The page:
drilled, home today by a report in The Australian. Nicholas Rossi, 12, injured his head after falling off his bike when not wearing a bicycle helmet. His life was saved only because Dr Rob Carson, a quick thinking GP from Maryborough, Victoria, used an electric drill to drill a hole in Nicholas’s head to relieve pressure on his brain.
Road Safety for cyclists, however, not only depends on cyclists but also depends on motorists. Unfortunately, motorists do not always drive safely around cyclists.
My favourite research on Road Safety for Cyclists was conducted by Dr Walker, University of Bath,UK who cycled around Bath with a sensor attached to his bike which measured the distance of passing cars. Dr Walker wore a helmet, no helmet and – of all things – a long black wig.
His results were very interesting especially for clowns. #mce_temp_url#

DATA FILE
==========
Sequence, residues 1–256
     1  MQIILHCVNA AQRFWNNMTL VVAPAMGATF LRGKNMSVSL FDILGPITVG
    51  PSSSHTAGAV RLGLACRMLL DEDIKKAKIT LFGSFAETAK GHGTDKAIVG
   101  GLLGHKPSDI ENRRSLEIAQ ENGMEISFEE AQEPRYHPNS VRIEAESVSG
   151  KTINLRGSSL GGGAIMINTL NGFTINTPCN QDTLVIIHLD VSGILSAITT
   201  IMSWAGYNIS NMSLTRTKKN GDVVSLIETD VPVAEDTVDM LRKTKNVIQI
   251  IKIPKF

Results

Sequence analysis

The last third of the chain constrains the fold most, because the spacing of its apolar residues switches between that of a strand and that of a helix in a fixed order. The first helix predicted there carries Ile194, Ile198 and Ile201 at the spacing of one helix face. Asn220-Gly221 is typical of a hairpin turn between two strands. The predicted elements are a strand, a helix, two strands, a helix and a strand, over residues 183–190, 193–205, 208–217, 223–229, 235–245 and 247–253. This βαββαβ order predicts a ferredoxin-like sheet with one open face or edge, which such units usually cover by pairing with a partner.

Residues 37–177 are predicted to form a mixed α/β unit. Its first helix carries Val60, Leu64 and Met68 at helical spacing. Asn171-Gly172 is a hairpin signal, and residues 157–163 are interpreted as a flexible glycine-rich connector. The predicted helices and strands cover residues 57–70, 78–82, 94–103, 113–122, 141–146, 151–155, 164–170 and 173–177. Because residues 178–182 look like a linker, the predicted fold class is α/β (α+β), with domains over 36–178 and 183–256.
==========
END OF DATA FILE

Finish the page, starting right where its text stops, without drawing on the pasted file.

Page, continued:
Dr Walker found cars passed him on average 8.4 cm closer when he was wearing a helmet than when he was bare headed so close, in fact, he was hit TWICE; once by a bus and once by a truck. Mathspig is very happy to say that Dr Walker survived to continue his studies. Next he ventured onto the roads of Bath in a long, black wig. Motorists kept well away from the wig -wearer. Dr Walker concluded that motorists assumed cyclists in helmets were Tour De France level pros who needed the least passing gap; bareheaded cyclists were wobbly amateurs who needed more room and odd-bods in wigs are so weird they need a really big gap. Motorists, obviously, were anxious to avoid hitting a clown on a bike!!!!!
Further studies are needed. Mathspigs you can conduct some original and worthwhile research on motorists driving habits. Ask as many adults as you can how much room they should leave when passing a cyclist in a car. Ask them to show you the distance using their hands. Measure this distance with a tape. You can make a Bar Graph of this information by plotting how many people allowed 0 – 10 cm, 11-20cm, 21 – 30 cm etc. When you have complete d your research send this information to: Bicycle Safety Helmet Awareness Program